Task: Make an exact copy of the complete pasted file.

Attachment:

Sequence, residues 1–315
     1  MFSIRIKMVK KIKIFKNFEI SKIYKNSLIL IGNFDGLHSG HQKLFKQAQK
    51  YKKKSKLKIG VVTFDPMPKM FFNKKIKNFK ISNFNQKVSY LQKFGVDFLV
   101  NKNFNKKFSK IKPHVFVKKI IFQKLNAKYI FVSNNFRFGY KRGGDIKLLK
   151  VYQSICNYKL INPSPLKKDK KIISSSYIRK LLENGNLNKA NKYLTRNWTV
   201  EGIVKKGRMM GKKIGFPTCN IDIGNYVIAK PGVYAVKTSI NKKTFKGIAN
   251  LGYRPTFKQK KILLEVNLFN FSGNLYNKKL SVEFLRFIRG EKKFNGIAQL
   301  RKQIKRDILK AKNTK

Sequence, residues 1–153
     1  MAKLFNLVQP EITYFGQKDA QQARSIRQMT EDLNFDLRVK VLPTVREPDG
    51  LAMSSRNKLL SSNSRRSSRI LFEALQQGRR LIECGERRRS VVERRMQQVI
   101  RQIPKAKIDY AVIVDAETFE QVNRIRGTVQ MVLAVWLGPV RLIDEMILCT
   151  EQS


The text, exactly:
Sequence, residues 1–315
     1  MFSIRIKMVK KIKIFKNFEI SKIYKNSLIL IGNFDGLHSG HQKLFKQAQK
    51  YKKKSKLKIG VVTFDPMPKM FFNKKIKNFK ISNFNQKVSY LQKFGVDFLV
   101  NKNFNKKFSK IKPHVFVKKI IFQKLNAKYI FVSNNFRFGY KRGGDIKLLK
   151  VYQSICNYKL INPSPLKKDK KIISSSYIRK LLENGNLNKA NKYLTRNWTV
   201  EGIVKKGRMM GKKIGFPTCN IDIGNYVIAK PGVYAVKTSI NKKTFKGIAN
   251  LGYRPTFKQK KILLEVNLFN FSGNLYNKKL SVEFLRFIRG EKKFNGIAQL
   301  RKQIKRDILK AKNTK

Sequence, residues 1–153
     1  MAKLFNLVQP EITYFGQKDA QQARSIRQMT EDLNFDLRVK VLPTVREPDG
    51  LAMSSRNKLL SSNSRRSSRI LFEALQQGRR LIECGERRRS VVERRMQQVI
   101  RQIPKAKIDY AVIVDAETFE QVNRIRGTVQ MVLAVWLGPV RLIDEMILCT
   151  EQS